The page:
While the entire country celebrates Holi in a boisterous manner, Shantiniketan – true to its name – celebrates the festival with serenity and peace, as Basantotsav / Basantotsab. The festival heralds the season of spring (vasant) and thus has boys & girls from the ashram sing melodious songs & perform elegant dances wearing yellow-coloured clothes. The girls wear yellow/golden saris with garlands and the boys wear yellow kurta-pyjamas. A cultural fest is organised here by the students of Vishwabharti University. After a day filled with music and dance, the students and teachers wish each other by applying abeer (dry coloured powder). The whole atmosphere becomes mildly scented with the fragrance of abeer. The Basantotsab has become a very important day of the Bangla calendar and attracts hordes of foreign tourists every year, to see a unique facet of Holi.

Flower Holi in Barsana; Soumen Nath, Dreamstime.com

Flower Holi in Barsana; Soumen Nath, Dreamstime.com

5. Celebrate Holi in Purulia, West Bengal

Another cultural destination to celebrate Holi (called here as Dol Jatra) is Purulia in West Bengal. The three-day celebration is packed with a bevy of amazing folk performances such as the famous Chhau dance, Natua dance, Jhumur music and the wandering Baul musicians. Visitors get to enjoy these magical performances as a run-up to Holi near the old-world 6th century terracotta temples like Deulghaata, especially during the night. Holi is celebrated by smearing abeer on each other and partaking mahuo liquor. Folk artists from neighbouring districts add distinct charm to this festival which is celebrated near the Konshobti River at Deulghaata. The icons of Radha & Krishna are taken out in a palanquin for a procession that is accompanied by these folk singers.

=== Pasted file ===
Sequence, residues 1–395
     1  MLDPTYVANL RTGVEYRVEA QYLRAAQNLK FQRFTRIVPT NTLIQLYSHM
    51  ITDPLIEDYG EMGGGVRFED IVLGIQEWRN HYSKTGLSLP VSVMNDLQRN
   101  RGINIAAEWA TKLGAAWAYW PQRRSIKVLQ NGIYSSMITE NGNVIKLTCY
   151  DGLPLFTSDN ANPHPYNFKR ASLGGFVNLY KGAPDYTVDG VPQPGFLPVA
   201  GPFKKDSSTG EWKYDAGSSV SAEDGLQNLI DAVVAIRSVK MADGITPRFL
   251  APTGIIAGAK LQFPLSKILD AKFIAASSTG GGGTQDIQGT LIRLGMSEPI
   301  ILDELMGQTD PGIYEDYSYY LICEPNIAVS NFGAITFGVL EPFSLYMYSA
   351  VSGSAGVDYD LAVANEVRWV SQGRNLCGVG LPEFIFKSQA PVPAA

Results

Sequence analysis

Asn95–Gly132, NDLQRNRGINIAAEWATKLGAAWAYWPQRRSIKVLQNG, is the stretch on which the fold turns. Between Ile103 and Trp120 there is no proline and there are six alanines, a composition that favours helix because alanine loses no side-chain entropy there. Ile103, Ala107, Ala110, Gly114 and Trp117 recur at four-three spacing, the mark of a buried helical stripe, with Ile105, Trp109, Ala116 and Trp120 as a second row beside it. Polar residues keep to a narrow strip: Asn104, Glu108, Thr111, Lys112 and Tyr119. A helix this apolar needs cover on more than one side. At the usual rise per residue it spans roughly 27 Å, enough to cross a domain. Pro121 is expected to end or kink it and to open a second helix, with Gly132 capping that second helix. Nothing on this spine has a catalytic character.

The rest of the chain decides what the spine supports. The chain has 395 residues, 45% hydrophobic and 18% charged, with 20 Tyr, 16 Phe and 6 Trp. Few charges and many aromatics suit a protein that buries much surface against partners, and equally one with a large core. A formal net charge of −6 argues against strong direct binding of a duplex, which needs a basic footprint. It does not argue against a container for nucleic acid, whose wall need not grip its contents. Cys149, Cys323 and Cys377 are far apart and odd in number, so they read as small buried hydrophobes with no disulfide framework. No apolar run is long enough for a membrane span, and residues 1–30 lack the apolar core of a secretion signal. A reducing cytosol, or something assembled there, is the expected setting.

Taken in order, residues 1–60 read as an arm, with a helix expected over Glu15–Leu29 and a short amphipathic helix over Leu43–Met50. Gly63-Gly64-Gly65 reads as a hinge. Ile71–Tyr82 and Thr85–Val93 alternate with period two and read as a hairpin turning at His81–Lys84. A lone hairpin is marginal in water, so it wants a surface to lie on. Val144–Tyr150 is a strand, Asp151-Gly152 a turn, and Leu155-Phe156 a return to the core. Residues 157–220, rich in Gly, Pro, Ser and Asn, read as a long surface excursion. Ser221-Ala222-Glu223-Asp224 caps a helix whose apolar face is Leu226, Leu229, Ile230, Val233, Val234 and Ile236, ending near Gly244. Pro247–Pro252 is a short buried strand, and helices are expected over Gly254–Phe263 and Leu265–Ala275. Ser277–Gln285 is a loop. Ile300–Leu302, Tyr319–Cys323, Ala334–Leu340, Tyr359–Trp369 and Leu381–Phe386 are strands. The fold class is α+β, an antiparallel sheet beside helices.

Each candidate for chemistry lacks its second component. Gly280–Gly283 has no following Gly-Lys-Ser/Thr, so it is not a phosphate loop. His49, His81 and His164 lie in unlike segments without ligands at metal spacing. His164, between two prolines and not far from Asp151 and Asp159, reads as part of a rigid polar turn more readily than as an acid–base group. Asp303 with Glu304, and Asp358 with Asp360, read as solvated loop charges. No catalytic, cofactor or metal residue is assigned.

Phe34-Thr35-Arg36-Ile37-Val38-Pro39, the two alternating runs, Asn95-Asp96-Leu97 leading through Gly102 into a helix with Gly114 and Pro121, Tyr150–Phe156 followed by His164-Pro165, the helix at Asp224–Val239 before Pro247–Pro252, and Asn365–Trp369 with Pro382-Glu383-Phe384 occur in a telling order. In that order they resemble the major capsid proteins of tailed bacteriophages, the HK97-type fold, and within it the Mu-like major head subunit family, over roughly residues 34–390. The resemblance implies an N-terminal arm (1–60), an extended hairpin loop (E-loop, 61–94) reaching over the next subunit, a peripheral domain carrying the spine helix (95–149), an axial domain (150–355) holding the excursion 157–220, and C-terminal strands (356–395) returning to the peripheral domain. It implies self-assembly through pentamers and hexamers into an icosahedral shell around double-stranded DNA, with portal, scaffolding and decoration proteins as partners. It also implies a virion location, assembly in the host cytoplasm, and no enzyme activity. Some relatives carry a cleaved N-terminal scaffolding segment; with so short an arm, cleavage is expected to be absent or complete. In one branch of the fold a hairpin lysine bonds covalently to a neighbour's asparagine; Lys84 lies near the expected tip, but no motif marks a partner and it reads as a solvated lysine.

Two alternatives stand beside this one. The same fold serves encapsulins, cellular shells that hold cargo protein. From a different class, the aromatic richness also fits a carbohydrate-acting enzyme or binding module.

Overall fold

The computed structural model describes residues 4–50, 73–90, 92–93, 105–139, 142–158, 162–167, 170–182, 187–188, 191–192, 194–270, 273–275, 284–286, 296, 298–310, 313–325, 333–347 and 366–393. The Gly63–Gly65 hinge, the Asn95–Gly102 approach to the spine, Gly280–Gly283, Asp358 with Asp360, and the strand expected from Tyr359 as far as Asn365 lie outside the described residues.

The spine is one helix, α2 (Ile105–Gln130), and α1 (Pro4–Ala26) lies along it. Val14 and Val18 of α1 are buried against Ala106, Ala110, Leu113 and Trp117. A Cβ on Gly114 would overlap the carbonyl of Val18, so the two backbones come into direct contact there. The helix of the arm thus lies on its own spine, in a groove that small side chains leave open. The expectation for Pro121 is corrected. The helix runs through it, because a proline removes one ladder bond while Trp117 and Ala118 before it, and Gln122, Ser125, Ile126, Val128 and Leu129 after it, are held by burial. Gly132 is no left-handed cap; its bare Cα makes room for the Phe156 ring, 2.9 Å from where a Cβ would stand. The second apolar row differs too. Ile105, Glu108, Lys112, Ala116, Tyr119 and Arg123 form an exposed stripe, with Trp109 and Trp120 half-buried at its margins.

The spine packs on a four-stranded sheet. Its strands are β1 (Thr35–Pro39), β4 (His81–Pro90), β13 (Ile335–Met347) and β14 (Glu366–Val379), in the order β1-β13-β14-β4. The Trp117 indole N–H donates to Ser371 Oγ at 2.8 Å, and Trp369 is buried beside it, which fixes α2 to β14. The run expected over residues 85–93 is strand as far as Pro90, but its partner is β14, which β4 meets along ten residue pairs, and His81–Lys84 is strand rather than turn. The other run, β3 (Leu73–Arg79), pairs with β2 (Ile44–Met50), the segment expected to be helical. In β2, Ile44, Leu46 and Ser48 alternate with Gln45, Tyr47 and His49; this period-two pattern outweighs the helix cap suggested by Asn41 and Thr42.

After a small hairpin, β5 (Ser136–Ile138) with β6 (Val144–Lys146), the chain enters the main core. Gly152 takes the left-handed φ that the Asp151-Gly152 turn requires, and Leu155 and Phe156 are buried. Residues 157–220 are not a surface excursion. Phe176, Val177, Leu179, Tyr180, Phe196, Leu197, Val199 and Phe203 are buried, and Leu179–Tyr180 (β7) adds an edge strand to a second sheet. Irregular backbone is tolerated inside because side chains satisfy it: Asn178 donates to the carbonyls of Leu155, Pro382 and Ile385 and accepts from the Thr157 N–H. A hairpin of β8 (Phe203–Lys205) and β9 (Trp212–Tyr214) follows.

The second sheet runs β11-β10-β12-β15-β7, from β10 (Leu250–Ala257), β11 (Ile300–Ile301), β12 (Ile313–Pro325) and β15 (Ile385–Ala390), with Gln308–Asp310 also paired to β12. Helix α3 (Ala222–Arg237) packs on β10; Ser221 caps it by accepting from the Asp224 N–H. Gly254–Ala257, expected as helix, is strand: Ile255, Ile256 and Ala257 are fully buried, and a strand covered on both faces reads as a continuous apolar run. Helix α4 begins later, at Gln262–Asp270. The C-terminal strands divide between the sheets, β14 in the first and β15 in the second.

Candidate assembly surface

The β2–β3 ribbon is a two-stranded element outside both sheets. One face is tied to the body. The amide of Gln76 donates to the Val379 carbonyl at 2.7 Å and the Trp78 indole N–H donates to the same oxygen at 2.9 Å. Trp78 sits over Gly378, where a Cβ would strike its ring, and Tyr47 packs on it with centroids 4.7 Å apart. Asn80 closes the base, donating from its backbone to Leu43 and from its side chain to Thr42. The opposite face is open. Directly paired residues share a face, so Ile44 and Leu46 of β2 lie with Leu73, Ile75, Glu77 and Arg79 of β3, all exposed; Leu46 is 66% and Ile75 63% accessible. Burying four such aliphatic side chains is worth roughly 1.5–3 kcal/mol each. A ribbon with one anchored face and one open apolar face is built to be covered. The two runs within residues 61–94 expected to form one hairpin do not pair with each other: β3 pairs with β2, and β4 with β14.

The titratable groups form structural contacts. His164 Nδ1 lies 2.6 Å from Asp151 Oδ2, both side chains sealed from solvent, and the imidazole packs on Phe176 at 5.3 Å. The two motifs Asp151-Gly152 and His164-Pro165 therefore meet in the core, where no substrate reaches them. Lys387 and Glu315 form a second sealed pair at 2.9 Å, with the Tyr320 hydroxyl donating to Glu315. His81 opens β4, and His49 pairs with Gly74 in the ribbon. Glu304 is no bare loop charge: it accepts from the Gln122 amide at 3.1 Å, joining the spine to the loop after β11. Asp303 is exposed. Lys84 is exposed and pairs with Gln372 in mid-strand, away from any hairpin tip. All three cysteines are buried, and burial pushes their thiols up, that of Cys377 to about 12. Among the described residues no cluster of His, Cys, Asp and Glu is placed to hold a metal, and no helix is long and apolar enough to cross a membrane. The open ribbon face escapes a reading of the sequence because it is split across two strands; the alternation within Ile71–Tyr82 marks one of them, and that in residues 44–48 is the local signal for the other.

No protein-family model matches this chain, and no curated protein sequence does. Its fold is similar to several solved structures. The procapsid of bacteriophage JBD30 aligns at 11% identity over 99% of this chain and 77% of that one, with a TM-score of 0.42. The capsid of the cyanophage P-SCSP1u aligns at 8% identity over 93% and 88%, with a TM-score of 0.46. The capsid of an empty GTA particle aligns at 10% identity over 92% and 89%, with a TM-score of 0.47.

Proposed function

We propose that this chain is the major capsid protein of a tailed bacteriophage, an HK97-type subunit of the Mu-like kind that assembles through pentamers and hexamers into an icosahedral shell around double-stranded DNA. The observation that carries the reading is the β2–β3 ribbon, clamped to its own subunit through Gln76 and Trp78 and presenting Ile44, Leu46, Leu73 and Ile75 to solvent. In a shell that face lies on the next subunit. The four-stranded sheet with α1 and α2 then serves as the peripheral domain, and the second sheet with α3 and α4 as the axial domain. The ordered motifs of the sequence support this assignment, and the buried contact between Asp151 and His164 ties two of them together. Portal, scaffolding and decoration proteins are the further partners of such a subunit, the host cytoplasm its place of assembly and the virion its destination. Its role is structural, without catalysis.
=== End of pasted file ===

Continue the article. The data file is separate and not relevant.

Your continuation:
6. Celebrate Holi in Anandpur Sahib, Punjab

The birthplace of Khalsa i.e. Sikh brotherhood, Anandpur Sahib (located 2 hours from Chandigarh) is a pilgrimage destination for the Sikhs. The people here also celebrate Holi but in the most unimaginable way possible! Instead of colour and water, here you can see a testosterone-fuelled Holi! Hola Mohalla as it is called, is a tradition dating back to 1701, and was started by Guru Gobind Sinhji (the 10th Sikh Guru). On this day, Sikh Nihangs display their martial & warrior agility through a bevy of activities such as wrestling, mock sword fights, martial arts, mock-battles, ‘gatka’ i.e. military exercises and turban tying. Hola means ‘halla’ i.e. a war-cry that indicates ‘charge towards the enemy’. This particular festival celebrates the strength male aggression and physical agility as abilities that keep the clan/people safe.

Holi in Jaipur; Alexandra Lande, Shutterstock.com

Holi in Jaipur; Alexandra Lande, Shutterstock.com

7. Celebrate Holi in Jaipur, Rajasthan

Holi is celebrated with pomp and ceremony and more so with a regal air befitting the royal history of Rajasthan. Elephants are bedecked to the hilt with ornate jewellery, jhools (saddles) and vibrant colours.  Female elephants are decorated with huge anklets that tinkle as they walk down the alleys of the city in a procession that also features bedecked camels and horses. The procession is accompanied by folk dancers that entertain onlookers with their traditional dances. Holi is celebrated in a unique way wherein people sitting on the elephants sprinkle gulaal on the bystanders. Elephant dances, elephant polo and tug-of-wars add an interesting twist to this already unique celebration of Holi. However, in recent times, The Elephant Festival has come in jeopardy due to animal-rights groups protesting against the same.